Separatism and Secession

Nathan Newman nathan.newman at
Sun Mar 28 11:43:39 PST 1999

-----Original Message----- From: Doug Henwood <dhenwood at> To: lbo-talk at <lbo-talk at>

>Nathan, you could tell similar stories about people all over the world,
>places the U.S. and its junior partners aren't bombing now. Why this sudden
>and selective turn to "humanitarian bombing"? Heroic tales of streaming
>voters are being mobilized to defend an imperial mission.

Actually Doug, the full-scale level of ethnic clensing in the Balkans in the last few years is on a level few areas in the world match at the moment. The Kurds in Turkey have been repressed but the Turkish majority has not actually sought to drive them out of their homes and even out of their country. The Israel analogy to the Palestinians (which others on this list rushed to hold up in its unique brutality precisely because people were losing their homes) is probably the best on.

Parts of Africa have faced these issues and, if you have not noticed, multinational interventions that violate sovereignty have repeatedly been used to settle internal disputes that threatened to spill over into neighbords, whether in Sierre Leone or the Congo. Of course there are geopolitical interests involved, but NATO is actually doing nothing that does not have precedent with many of the recent multilateral interventions by African states.

The reality is that NATO intervention would be globally more unacceptable anywhere else. In Latin America, the equivalent actor would have to be the OAS, in East Asia, SEATO and so on. In the ideal, the UN might be called on to serve the function of setting the groundrules of humanitarian intervention, but it is unclear why these regional multilateral interventions are more or less legitimate than the UN alternative, given how skewed power is within the Security Council.

And, ultimately, I have never found arguments of harms that we have failed to address significant reasons to ignore a harm we can address. Such inconsistencies may be clues to look for reasons the present situation may not actually be moral, and I have seriously considered that in researching the situation, but having taking that clue seriously, the determination in the end is still what is the right thing to do NOW. What to do with Kosovans dying and being ethnic clensed NOW. What to do in a situation where there is an opportunity to act, for whatever reasons geopolitics has allowed it NOW.

We are supporting the right side in this conflict. The stories of Kosovan murders are not the bullshit tales often told to justify our supporting the bad guys in conflicts - the mountain of human rights reports should confirm that. There is a pragmatic argument of the effectiveness of bombing that Gar Lipov raises, which I take seriously, but the "kneejerk" suspicion of the "imperial mission" is overriding every decent impulse that should be activating analysis here.

Grant that NATO is an imperialist operation. Unless you can give a good reason for their self-interest in supporting the Kosovan side, the basic fact is even hegemon's use their power to do good occasionally when it doesn't hurt their self-interest. In this case, protecting Muslim victims of Christian persecution no doubt is winning the US brownie points that can be invoked to gain trust for support of other operations by Muslim nations in areas of direct US self-interest.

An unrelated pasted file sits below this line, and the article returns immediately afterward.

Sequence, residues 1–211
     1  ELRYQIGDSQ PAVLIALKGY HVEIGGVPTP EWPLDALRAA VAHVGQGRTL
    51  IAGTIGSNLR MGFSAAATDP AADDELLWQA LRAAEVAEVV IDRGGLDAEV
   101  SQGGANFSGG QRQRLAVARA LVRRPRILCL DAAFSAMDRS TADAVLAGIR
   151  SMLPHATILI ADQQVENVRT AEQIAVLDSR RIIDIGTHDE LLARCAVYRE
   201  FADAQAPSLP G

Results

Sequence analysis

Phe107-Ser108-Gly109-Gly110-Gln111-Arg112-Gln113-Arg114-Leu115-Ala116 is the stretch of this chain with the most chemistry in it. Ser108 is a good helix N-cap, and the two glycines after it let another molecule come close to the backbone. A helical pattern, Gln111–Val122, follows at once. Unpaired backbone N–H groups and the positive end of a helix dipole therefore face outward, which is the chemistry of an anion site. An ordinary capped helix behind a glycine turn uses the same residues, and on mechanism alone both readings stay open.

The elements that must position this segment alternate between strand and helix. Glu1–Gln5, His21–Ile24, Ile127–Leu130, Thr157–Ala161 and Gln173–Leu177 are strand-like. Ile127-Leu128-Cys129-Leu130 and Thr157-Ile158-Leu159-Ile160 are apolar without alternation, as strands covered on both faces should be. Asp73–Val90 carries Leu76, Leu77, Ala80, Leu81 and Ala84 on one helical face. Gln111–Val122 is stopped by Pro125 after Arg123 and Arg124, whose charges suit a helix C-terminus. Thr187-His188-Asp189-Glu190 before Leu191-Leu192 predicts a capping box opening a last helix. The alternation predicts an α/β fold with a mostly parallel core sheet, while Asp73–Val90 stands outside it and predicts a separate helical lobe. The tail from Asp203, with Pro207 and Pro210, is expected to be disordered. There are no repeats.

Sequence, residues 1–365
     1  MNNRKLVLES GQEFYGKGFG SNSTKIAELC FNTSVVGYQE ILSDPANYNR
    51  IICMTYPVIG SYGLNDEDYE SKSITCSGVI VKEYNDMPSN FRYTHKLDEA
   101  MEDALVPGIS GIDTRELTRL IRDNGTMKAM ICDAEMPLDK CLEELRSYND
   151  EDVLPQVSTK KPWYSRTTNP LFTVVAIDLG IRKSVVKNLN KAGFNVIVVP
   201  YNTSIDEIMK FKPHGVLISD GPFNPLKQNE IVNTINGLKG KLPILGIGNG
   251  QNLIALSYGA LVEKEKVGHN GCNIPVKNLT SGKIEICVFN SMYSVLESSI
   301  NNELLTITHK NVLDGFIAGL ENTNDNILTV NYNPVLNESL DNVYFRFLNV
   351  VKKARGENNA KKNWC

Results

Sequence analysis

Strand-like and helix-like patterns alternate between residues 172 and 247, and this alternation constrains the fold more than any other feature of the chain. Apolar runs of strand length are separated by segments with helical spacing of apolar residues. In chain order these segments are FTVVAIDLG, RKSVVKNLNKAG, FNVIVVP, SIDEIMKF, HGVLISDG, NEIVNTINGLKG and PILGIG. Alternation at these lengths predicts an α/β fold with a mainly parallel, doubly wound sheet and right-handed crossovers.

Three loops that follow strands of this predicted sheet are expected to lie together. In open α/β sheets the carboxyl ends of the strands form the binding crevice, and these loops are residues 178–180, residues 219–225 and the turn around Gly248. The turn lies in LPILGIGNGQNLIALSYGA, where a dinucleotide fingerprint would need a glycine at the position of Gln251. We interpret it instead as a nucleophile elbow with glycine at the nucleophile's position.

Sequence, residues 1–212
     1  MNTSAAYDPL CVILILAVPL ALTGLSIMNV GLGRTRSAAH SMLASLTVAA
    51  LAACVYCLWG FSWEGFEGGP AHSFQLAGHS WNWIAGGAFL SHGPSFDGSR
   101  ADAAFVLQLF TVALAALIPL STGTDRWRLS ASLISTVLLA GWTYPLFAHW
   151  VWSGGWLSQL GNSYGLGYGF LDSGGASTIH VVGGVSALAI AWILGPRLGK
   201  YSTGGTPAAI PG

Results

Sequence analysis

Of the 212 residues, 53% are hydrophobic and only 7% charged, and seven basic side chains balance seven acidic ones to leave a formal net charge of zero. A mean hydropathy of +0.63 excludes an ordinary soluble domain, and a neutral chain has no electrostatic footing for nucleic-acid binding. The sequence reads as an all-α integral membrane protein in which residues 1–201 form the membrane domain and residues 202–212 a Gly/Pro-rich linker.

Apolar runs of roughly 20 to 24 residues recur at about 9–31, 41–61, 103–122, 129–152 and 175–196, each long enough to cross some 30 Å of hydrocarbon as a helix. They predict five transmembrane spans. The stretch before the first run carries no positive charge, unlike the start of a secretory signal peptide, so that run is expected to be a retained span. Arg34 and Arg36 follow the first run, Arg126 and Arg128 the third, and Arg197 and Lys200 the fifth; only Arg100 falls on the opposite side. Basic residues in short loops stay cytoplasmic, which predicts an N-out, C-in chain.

On the anti-imperialist left, it might make Machiavellian sense to block the bombing and sacrifice the lives of Kosovans to prevent the US from gaining that prestige, for fear of the consequences down the road. I just can't play that hardball when we have the chance to stop these atrocities. I hear all this stuff about "imperialism" while Milosevic is involved in mass murder and ethnic clensing. It just doesn't move me and it does not move most folks, other than those like the Rockford Institute who rather like seeing Muslims die at the hands of Christians. The fact is that this is one of the first wars I can remember where Democrats are supporting the intervention in significantly higher numbers than Republicans.(Yeah, I know Cold War liberals used to support wars, but we are talking post-Vietnam).

Despite all the cant and suspicion, I have not heard one good reason why this intervention is in the US's self-interest. A lot of mainstream commentators have said this, which they mean as a criticsm, but I take as praise of the humanitarian nature of the intervention. So on one side we have vague grumblings about "imperial missions" and on the other massive documentation and advocacy of intervention by left human rights folks like Human Rights Watch, Amnesty, IGC-PeaceNet and so on.

As I've said repeatedly, the pragmatic worry about the effectiveness of military action is reasonable and pertinent, but the attack on the morality of the ends seems extremely weak. And the libelling of the Kosovan separatists, who reflect the overwhelming sentiment of the population there, sounds a hell of a lot more like government propaganda than anything Clinton has said--- which is not surprising since most of the libels and attacks on the Kosovans are coming directly from Serbian govenrment offices, then being recycled through anti-war media outlets.

--Nathan Newman

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